Salvini Tells Germany Next Year Will Show Whether EU Has Future
(Bloomberg) -- Italian Interior Minister Matteo Salvini said the next 12 months will determine whether the European Union can hold together as the bloc’s leaders prepare for emergency talks on immigration this weekend.
Since taking office as part of a populist coalition last month, Salvini has been stirring up tensions over migration policy, refusing rescue ships access to Italian ports, sparring with French President Emmanuel Macron and demanding other EU countries take more of the asylum seekers landing in Italy from Africa. That’s set Italy on course for a clash with German Chancellor Angela Merkel at a meeting in Brussels Sunday.
In Berlin, Merkel is under pressure from her own interior minister, Horst Seehofer, who is threatening to defy the chancellor unless she secures a deal that allows Germany to send migrants back to the countries where they first arrived in the EU -- and that means the Mediterranean frontier states Italy, Spain and Greece.
As she fights for her political survival, Merkel is coming under fire from an array of so-called allies. U.S. President Donald Trump on Friday repeated his threat to slap a 20 percent tariff on European car imports while 11 northern EU countries -- typically supporters of Germany’s insistence on fiscal discipline -- criticized her agreement with Macron to set up a euro-region budget to add stability to the bloc.
Salvini, who is also deputy premier in Italy, told German magazine Der Spiegel the EU’s response to its multiple challenges over the next year will show “whether the whole thing makes no sense any more.”
As well as his demands for help with immigration, Salvini cited the EU budget rules constraining his populist coalition’s spending plans and the European parliamentary elections next May -- possibly a hint that he might dial up his anti-euro rhetoric again if he gets any encouragement from voters.
Merkel’s most pressing concern is the showdown over border security with Seehofer’s Bavaria-based Christian Social Union party. Faced with a CSU threat to send certain asylum seekers back at the German border, the chancellor will seek to lay the groundwork for a European solution that avoids border closures at Sunday’s meeting of most EU leaders on migration in Brussels.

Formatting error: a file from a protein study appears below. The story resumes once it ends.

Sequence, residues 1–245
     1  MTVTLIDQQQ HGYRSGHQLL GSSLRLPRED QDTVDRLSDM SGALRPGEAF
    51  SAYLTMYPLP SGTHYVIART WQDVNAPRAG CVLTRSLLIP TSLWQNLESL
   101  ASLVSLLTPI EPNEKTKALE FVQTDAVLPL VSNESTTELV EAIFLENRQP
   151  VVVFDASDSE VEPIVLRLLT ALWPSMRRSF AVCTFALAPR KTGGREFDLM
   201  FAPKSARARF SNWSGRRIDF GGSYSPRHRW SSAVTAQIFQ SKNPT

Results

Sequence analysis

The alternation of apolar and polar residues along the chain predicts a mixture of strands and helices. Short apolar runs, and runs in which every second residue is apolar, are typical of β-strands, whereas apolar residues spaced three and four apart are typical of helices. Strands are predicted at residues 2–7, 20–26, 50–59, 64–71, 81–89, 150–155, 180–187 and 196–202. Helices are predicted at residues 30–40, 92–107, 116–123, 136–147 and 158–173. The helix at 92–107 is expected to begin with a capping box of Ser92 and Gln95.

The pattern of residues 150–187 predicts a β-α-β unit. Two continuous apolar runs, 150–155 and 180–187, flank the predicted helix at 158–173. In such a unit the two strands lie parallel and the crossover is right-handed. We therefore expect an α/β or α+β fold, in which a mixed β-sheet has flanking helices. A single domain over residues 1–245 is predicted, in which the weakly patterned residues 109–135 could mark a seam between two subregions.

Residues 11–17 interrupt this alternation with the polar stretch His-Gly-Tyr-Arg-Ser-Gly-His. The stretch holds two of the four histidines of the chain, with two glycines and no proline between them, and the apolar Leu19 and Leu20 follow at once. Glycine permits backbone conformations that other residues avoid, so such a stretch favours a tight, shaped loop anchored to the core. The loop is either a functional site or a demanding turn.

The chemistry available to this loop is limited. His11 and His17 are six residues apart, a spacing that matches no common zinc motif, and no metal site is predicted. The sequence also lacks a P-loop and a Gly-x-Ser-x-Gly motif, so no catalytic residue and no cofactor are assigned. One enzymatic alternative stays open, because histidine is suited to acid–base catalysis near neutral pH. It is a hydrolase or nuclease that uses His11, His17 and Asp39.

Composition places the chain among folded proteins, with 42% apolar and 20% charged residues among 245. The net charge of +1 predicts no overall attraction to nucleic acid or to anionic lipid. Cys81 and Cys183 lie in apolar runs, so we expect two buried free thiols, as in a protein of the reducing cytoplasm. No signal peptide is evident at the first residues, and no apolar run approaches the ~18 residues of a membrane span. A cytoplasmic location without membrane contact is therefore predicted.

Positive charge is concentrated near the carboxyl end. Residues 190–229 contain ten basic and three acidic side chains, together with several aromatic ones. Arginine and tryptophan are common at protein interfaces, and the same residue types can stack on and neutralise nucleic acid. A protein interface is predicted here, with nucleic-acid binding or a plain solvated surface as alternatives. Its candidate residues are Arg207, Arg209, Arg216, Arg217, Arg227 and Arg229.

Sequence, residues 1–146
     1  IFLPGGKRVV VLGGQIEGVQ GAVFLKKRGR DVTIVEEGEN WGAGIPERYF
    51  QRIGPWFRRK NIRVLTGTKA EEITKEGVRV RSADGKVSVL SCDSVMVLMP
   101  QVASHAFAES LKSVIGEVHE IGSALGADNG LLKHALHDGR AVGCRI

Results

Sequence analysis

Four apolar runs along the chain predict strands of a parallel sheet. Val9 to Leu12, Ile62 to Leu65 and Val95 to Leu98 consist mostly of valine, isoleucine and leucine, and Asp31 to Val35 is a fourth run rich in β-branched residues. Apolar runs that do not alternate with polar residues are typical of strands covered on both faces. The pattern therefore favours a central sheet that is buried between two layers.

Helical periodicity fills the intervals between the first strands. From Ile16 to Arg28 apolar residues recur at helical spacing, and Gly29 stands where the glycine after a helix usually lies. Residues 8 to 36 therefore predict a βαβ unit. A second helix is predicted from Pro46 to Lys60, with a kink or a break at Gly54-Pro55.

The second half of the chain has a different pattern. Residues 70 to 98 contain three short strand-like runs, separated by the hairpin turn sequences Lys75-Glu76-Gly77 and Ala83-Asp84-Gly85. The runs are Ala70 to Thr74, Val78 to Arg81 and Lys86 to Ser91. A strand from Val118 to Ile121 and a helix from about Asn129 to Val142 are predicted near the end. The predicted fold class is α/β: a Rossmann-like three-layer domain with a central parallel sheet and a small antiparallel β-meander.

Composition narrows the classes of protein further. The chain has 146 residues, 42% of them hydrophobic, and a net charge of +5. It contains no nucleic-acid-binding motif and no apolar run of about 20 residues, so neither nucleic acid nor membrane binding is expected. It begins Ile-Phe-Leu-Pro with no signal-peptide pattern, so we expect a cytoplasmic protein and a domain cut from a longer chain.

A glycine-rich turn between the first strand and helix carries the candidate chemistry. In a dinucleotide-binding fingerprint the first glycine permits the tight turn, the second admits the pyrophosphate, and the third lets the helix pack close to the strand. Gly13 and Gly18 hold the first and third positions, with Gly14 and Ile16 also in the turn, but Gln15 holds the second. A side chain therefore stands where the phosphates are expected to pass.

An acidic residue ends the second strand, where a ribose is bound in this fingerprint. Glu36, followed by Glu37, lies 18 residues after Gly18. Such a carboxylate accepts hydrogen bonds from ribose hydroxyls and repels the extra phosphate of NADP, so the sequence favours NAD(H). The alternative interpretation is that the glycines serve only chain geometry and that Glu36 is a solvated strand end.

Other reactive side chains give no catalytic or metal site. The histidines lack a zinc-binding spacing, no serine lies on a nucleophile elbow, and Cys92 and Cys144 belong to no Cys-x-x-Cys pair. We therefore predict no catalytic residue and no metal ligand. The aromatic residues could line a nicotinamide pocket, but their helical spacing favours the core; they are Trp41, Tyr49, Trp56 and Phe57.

Italian Prime Minister Giuseppe Conte has said he won’t discuss how to deal with asylum seekers who are already in Europe until he has commitments from other member states to help Italy deal with new arrivals.
Salvini told Der Spiegel that he is aware that his hardline stand on migrants could lead to the chancellor’s downfall. He added that this isn’t Italy’s intention “even though we’re very far apart, not just on the migration issue.”
The fights over immigration has also become tangled up in the debate over how to make Europe’s monetary union more robust -- that was supposed to be the main item on the agenda of the formal summit talks which begin next Thursday.
Merkel and Macron thrashed out an agreement to create a euro-zone budget and beef up its crisis-fighting mechanisms earlier this week, but on Friday they came under fire from a group of 11 northern EU members.
“Wide divergence existed on the need for a euro zone budget/fiscal capacity, as many also pointed to moral hazard risks as well as fiscal neutrality,” the countries finance ministers said in a letter to Eurogroup President Mario Centeno. “There was clearly no consensus on starting to explore options.”
Merkel herself projected calm, dismissing speculation that her government is in trouble and vowing to keep her three-party coalition afloat.
Sunday’s summit will be “a first exchange,” Merkel told reporters in Beirut on Friday. And she acknowledged that a regular meeting of all EU leaders on June 28-29 won’t produce a comprehensive immigration plan either. She said there’s still a lot of work ahead for her fourth-term government, which took office in March with a mandate until 2021.
“I’m working toward the coalition being able to fulfill the tasks it set for itself in the coalition agreement,” she said.
©2018 Bloomberg L.P.